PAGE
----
Charles Darwin's theory of evolution by natural selection was a revolutionary challenge to Western civilisation in the 19th century. International Darwin Day, celebrated on 12 February, marks the birth of the English naturalist in 1809 and his influence on the advancement of science, education and human curiosity.
On the anniversary of Darwin's birth, we look at lesser-known facts about one of the most influential figures in science:
Darwin deliberately delayed the publication of On The Origin Of Species for more than two decades because he was nervous about how the research would be received by the public.
Darwin married Emma Wedgwood, his first cousin, on 29 January 1839 at St Peter's Anglican Church in Maer in Staffordshire. The Darwins had 10 children in total, but two died in infancy and a third child, their daughter Annie, passed away aged 10.
Of his surviving children, George, Francis and Horace became Fellows of the Royal Society, distinguished as an astronomer, botanist and civil engineer. Another son, Leonard, was a politician, economist and a mentor of the evolutionary biologist Ronald Fisher – who Richard Dawkins named "the greatest biologist since Darwin".
At a young age, Darwin made a list of the positives and negatives of marriage. Pros included companionship – a wife was "better than a dog anyhow" – and cons included less reading time in the evening.
Darwin belonged to a group called the Glutton Club at Cambridge in which members would meet to try unusual and exotic dishes. In the Galapagos, he drank fluid from the bladder of tortoises, which he described as "very slightly bitter".
While travelling on the HMS Beagle, Darwin saw the atrocious consequences of human slavery at first hand, which he considered dire injustices of human rights. Some believe Darwin published On The Origin Of Species partly to encourage the abolition of slavery.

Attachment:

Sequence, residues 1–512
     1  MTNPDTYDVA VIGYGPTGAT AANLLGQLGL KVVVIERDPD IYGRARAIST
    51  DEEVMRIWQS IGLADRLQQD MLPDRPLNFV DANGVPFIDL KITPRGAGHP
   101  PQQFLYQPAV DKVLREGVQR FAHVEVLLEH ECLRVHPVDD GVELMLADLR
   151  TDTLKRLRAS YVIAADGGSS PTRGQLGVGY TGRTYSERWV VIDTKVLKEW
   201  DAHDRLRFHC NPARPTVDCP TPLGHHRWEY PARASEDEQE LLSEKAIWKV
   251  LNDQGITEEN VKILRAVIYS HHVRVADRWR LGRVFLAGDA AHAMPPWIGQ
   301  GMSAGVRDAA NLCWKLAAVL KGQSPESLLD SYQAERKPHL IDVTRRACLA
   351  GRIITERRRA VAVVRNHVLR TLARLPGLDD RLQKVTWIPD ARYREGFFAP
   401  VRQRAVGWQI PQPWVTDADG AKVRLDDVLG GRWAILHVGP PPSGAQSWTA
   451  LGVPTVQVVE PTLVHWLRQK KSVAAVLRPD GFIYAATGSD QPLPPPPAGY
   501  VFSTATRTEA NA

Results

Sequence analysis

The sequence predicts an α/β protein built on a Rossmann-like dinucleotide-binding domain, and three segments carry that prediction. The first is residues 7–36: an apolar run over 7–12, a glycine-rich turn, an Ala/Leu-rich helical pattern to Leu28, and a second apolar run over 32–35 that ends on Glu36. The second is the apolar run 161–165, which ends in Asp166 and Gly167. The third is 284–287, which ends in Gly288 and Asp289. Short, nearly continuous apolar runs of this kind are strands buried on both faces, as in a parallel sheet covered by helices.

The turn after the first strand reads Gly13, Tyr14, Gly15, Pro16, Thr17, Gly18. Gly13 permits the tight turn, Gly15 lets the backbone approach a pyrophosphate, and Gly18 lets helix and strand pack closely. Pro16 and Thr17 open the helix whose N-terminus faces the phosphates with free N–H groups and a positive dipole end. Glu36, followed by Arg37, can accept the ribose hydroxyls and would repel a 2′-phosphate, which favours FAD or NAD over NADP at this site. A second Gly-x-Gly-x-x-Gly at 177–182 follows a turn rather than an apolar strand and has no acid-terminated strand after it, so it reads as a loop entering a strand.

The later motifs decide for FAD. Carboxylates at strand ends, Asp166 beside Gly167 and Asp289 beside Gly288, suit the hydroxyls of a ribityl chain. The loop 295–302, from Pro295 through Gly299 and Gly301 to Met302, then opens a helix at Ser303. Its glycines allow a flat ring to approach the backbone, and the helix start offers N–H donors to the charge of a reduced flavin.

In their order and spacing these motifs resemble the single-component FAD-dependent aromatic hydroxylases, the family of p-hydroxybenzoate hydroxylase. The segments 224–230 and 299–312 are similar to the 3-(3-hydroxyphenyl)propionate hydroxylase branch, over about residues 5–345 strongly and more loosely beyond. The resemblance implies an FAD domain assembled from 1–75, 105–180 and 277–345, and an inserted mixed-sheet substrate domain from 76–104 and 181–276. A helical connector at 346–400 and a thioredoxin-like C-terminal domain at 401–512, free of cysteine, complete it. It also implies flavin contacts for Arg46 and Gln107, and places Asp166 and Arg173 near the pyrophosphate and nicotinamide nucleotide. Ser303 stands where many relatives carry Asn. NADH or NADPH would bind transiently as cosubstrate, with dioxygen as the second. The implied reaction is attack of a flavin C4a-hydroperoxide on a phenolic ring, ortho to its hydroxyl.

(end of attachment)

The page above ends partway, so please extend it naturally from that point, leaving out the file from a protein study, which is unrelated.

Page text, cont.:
Darwin was ill with seasickness during his voyage on board The Beagle. Forced to lie on his bed for the first few weeks of his journey, he deliberated as to whether he had made the right decision to board the vessel.
For most of his life, Darwin was a conventional Christian and studied at the University of Cambridge to become an Anglican clergyman – shortly before The Beagle voyage. However, later in life, Darwin described himself as an agnostic.
Darwin wrote about the emotional bonds between humans and the similarities between humans and animals. According to some scholars, passages in which the scientist addressed compassion and morality show he may have been influenced by Tibetan Buddhist texts.
Darwin's health was often compromised by an uncommon combination of symptoms, some of which appeared to follow stressful situations. This led some psychologists to theorise that he had anxiety and panic disorders or agoraphobia, while others suggested he may have suffered from Crohn's disease or even chronic fatigue syndrome.